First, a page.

Bad debt manager China Cinda to help top regulator tackle peer-to-peer lending risks
Company confirms China Banking and Insurance Regulatory Commission met big four bad debt managers over platform collapses
China Cinda Asset Management, one of the country’s four biggest state-owned bad debt managers, said on Thursday it would “proactively” help the government tackle peer-to-peer (P2P) lending risks, after confirming China’s top financial regulator had recently met the big four asset management companies on the issue following several protests in the past few weeks by investors who had lost money on collapsed P2P platforms.
“P2P risks are a social issue of great concern in China. As a professional company managing bad debt, we will proactively take part in tackling relevant risks and help the government address the issue,” Chen Yanqing, assistant to the company’s president, told the media on Thursday.
“We will leverage our professional advantages and offer services in dealing with bad debt, such as acting as custodians of P2P assets,” he said.
Chen said the company had already set up a special team and was conducting an in-depth investigation into the issue. “We are right now in the process of communicating with regulators and some local governments,” he said.
Cinda itself has had no involvement with P2P projects. Nor has it acquired any P2P platforms, added Chen.
The company also announced its interim result late on Wednesday, posting a 3 per cent year-on-year decrease in net profit to 8.62 billion yuan (US$1.26 billion) for the first six months of the year. Its revenue dropped by 9.6 per cent to 54.8 billion yuan.
The big four asset management companies were established by the Chinese central government in 1999 to tackle bad loans in the banking system, with the firms leveraging funds from the Ministry of Finance and loans from the People’s Bank of China to buy bad debt from commercial lenders. The companies have since diversified their businesses, expanding into the acquisition and restructuring of distressed assets at non-financial institutions.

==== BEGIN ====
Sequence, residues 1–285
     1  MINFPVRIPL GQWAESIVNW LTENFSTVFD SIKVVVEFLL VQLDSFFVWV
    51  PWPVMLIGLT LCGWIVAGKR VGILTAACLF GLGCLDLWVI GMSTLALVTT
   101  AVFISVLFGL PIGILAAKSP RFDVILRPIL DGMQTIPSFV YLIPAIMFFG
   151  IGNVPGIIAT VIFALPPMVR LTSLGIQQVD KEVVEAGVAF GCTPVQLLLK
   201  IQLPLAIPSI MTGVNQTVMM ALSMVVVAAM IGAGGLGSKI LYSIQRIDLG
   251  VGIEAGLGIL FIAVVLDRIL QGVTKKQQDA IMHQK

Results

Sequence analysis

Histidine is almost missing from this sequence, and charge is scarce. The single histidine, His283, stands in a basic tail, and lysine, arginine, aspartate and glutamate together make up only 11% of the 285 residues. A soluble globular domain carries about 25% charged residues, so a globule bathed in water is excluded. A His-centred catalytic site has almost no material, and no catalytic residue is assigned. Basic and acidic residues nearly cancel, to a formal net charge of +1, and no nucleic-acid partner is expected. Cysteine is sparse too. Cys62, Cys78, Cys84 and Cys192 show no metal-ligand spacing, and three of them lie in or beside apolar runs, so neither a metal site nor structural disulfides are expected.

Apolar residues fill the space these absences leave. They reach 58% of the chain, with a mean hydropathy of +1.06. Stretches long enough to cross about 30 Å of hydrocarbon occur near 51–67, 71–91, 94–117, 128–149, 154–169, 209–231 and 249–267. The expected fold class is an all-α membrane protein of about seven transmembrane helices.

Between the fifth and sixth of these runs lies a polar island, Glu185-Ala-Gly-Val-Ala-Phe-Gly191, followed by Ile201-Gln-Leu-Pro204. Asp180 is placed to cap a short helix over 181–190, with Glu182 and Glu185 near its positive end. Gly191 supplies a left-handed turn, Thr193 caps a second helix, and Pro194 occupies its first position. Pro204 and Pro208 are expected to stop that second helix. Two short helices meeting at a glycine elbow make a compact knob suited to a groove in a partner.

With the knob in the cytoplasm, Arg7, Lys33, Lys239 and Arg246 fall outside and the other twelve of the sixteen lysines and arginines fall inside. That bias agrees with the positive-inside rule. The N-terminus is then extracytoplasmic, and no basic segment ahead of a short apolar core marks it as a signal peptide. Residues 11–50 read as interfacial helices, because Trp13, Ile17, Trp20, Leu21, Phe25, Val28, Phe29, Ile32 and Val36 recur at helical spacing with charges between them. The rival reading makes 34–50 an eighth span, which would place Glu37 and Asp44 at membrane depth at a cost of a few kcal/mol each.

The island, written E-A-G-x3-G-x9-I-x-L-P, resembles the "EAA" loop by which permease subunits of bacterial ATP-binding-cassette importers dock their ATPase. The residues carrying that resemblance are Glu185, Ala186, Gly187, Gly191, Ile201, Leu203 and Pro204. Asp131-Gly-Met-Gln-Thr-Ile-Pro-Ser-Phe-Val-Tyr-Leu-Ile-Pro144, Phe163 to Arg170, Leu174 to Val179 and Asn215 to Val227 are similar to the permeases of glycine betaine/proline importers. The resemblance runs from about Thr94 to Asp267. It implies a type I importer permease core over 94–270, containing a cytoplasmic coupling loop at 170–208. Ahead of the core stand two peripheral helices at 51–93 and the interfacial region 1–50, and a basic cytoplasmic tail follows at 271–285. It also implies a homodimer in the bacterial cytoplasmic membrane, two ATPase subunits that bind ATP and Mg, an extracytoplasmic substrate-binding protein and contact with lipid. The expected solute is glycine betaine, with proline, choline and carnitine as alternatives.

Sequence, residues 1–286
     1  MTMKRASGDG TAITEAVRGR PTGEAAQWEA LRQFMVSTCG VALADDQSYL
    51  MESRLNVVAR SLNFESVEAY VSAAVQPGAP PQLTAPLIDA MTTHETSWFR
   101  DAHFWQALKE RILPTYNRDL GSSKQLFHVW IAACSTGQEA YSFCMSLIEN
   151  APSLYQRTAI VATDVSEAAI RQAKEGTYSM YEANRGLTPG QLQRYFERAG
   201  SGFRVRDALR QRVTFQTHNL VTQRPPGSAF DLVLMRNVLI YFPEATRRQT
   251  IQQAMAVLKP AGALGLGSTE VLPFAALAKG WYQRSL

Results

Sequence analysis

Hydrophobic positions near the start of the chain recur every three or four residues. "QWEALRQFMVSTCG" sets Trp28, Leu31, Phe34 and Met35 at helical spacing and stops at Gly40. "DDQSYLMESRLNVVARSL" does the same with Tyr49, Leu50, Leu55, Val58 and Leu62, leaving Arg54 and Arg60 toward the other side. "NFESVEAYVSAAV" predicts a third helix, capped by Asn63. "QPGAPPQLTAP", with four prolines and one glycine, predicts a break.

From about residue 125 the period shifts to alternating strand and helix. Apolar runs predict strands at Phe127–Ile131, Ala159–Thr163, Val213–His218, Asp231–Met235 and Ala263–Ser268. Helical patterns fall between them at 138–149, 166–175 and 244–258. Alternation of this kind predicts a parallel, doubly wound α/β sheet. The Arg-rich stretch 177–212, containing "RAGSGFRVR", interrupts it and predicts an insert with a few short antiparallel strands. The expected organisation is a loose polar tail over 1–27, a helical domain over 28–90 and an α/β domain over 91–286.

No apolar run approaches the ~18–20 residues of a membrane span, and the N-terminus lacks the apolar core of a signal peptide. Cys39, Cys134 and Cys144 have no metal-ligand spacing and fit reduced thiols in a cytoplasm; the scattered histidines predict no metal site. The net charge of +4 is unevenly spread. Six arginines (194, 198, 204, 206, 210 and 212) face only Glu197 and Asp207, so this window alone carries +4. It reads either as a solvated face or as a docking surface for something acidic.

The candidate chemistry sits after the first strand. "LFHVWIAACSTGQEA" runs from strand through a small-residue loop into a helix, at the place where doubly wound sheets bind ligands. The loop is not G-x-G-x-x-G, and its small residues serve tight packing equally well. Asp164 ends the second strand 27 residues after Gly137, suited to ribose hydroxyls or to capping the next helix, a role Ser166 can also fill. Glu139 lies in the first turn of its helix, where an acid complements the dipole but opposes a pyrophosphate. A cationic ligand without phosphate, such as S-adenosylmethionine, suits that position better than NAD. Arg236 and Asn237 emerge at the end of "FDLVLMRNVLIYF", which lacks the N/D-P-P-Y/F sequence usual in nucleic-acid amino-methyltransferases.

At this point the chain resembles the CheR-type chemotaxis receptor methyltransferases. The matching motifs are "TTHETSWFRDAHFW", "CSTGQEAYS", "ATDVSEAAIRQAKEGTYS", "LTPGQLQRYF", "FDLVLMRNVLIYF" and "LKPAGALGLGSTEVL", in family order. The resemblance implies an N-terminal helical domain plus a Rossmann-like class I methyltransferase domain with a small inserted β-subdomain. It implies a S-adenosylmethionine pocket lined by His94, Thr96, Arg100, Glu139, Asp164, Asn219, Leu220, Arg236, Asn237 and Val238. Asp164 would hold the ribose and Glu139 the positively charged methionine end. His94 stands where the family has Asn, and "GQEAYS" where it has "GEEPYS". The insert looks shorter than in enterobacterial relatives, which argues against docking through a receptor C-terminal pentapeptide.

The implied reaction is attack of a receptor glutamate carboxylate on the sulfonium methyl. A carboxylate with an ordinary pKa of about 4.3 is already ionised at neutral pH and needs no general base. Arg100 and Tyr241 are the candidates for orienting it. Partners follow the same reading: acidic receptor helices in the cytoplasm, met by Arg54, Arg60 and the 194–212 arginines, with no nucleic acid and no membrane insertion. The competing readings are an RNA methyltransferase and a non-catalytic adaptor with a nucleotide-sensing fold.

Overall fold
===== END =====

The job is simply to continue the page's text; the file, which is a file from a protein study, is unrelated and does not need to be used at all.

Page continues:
Chen confirmed on Thursday that the China Banking and Insurance Regulatory Commission had called a meeting of these companies – China Huarong, Great Wall, China Cinda and China Orient – to discuss ways of defusing P2P risks and protecting financial stability. “The regulators wanted to draw on our past experience about addressing bad debt risks,” he said.
Several hundred P2P lending platforms have collapsed in the past few months, sparking several protests by investors who have lost their money and are demanding the government bailout them out, including demonstrations near the offices of the commission in Beijing.
According to statistics by lending data provider Wangdaizhijia.com, in July alone 218 P2P lending platforms either failed, or ran into withdrawal difficulties.
By the end of last month, the total number of failed P2P lenders had touched 4,740, with an outstanding loan balance of about 78 billion yuan, and having affected 1.1 million investors.
Chen said he expected the supply of distressed assets to increase as the government tightened regulations and cut excess capacity in some sectors amid supply-side structural reforms.
Investors left to rue losses as fraudulent Chinese P2P lenders collapse in tighter regulatory environment
Zhang Ziai, Cinda’s chairman, said the company would use “investment banking thinking” in disposing of distressed assets, such as through restructuring and liquidation, and would carry out more debt-to-equity swaps to deal with bad debt.
He said he expected the company’s debt-to-equity swap amount to increase in the second half of 2018.